To EV or not to EV?
By: Carter E. Anthony, CFA
In 1912, Thomas Edison developed the first electric vehicle in the United States. It had 15 two-volt batteries and a 30-volt electric motor pushing it to 25 miles per hour, an incredible speed for the time.
With a price tag double the cost of a similar gas-powered automobile and Henry Ford’s mass production of the Model T, the demand for electric vehicles was scuttled.
Interestingly, the most popular developer of electric vehicles today, Tesla, is named after Edison’s nemesis, Nikola Tesla.
Today, electric vehicles are said to cost $10,000 less to maintain than gas-powered vehicles. EVs don’t have transmissions and clutches, the two most expensive parts of a car to repair.
However, the first EV introduced by Tesla, its original Roadster in 2008, was priced at $109,000 easily outdistancing the price of a new highly popular Corvette.
Today, auto manufacturers are producing EVs for as little as $31,000, similar to the average price of a gas-powered vehicle.
In an effort to affect climate change, the government is subsidizing the purchase of EVs by $8,000 per vehicle.
So where does this bevy of batteries go? The batteries are under the floor of the EV. If you are a driver who likes to speed up in curves, you will like the lower center of gravity as you hug the road.
However, if you are in an accident expect your insurance premium to rise as you do more damage due to the weight of the batteries.
Battery life is 300,000 miles; replacement cost is $22,500 if needed. If your EV breaks down, it has to be put on a car hauler, no towing, pushing or pulling.
The Ford F-150 Lightning pickup has become the darling of electric pickups. Production at the Ford Rouge facility is sold out and Ford is working to bring two other plants on line.
In anticipation of the Lightning, Ford’s (F-NYSE) stock price has risen from $8+ this year to $20+ yesterday.
All car companies are making some kind of projection about EV production. BMW’s EV production will be 20% of all cars by 2023; Volvo will be 100% EV by 2030.
Depending on the EV, the traveling capacity is 250-500 miles. There are about 50,000 public charging stations in the United States.
It takes a Level 3 charger, the strongest, 30 minutes to fully charge an EV. It takes a Level 2, the household standard, 8-10 hours.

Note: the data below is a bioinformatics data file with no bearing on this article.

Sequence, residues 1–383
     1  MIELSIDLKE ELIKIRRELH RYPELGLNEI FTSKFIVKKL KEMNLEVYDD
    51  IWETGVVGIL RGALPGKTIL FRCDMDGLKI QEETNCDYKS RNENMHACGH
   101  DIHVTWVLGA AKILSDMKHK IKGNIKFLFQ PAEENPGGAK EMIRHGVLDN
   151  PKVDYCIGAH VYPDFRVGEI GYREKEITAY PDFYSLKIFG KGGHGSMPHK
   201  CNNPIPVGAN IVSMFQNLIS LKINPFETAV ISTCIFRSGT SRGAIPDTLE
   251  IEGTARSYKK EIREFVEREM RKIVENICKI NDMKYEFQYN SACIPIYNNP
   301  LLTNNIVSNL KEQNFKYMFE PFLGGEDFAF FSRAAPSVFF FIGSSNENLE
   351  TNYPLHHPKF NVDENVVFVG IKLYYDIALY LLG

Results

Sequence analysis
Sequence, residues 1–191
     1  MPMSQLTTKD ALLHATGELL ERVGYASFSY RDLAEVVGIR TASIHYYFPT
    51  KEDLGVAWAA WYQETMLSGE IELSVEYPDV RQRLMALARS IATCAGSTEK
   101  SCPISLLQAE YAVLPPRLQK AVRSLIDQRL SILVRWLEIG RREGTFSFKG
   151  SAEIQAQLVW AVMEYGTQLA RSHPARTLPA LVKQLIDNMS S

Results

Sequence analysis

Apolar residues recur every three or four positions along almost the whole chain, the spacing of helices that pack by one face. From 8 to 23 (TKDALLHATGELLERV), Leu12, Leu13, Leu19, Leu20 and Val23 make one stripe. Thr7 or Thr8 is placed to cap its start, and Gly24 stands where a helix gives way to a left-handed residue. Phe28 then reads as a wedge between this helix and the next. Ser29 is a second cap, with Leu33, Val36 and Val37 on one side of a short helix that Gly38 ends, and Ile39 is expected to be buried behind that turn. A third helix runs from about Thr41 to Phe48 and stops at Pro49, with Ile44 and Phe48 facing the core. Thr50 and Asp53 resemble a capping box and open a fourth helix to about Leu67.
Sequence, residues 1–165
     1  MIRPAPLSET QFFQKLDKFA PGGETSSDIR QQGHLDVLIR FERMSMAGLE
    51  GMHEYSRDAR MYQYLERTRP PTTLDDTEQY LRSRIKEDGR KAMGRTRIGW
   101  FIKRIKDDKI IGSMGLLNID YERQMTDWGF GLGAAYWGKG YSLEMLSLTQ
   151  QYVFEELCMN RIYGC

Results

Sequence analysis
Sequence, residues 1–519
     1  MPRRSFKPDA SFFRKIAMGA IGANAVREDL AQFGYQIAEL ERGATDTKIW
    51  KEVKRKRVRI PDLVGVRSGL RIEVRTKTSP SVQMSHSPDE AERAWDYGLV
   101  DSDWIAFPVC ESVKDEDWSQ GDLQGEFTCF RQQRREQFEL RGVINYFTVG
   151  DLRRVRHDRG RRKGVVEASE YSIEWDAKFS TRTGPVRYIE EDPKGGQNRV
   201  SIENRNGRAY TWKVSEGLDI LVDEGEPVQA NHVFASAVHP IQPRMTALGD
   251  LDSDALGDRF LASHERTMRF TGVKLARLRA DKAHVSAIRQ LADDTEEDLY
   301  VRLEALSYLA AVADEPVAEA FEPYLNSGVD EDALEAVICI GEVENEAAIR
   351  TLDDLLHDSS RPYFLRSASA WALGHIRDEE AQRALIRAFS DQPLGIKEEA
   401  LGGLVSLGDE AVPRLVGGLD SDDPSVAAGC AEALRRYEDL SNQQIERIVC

Electrify America (Volkswagen), Blink (BLNK-NDQ) and ChargePoint (CHPT-NYSE) are three companies building charging networks. Tesla has its own network for Tesla’s only. Smartphone apps contain directions to charging stations.
There are concerns that few seem to want to address. More electricity will be needed, not less, to produce the electric grid to charge the growing number of EVs.
Mining for the materials to build the batteries, cobalt and lithium, is expensive and environmentally sensitive.
Sixty percent of the cobalt mined in the world comes from The Congo, much of it mined with hand, shovel and hammer by impoverished individuals.
The largest lithium deposits in the world are in Afghanistan, a country the U.S. abandoned.
Afghanistan’s Taliban is looking favorably upon the Chinese to mine these deposits. And then there is the question of how to dispose of the spent batteries.
From a more practical standpoint, a couple in the San Francisco Bay area had their home burn to the ground from charging two EVs in their garage overnight.
The fire from the batteries was so hot the firemen could not get close enough to put the fire out. Due to incidents like this, municipal authorities across the nation are considering banning EVs from covered parking decks.
Regardless of the unintended consequences, it seems more EVs are in our future.
While still only between 2%-3% of all vehicles on the road, the number is growing exponentially. Prices are coming down and battery power is going up.